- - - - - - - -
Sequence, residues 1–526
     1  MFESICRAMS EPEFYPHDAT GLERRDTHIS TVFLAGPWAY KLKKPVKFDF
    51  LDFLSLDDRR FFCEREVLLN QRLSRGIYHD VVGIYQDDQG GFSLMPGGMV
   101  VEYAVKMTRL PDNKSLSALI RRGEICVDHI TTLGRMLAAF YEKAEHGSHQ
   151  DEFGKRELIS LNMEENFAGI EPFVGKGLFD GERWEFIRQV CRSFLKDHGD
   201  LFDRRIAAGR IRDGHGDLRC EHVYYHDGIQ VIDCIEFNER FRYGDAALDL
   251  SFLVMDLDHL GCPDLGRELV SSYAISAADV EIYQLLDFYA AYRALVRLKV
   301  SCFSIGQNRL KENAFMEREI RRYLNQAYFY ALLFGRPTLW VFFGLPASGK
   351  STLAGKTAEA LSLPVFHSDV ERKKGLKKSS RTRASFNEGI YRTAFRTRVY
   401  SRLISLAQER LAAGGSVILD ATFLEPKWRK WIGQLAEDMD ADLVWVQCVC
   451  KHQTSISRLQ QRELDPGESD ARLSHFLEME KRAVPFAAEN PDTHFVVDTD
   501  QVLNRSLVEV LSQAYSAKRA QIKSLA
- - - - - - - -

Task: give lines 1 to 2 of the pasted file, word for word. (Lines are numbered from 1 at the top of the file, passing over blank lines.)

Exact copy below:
Sequence, residues 1–526
     1  MFESICRAMS EPEFYPHDAT GLERRDTHIS TVFLAGPWAY KLKKPVKFDF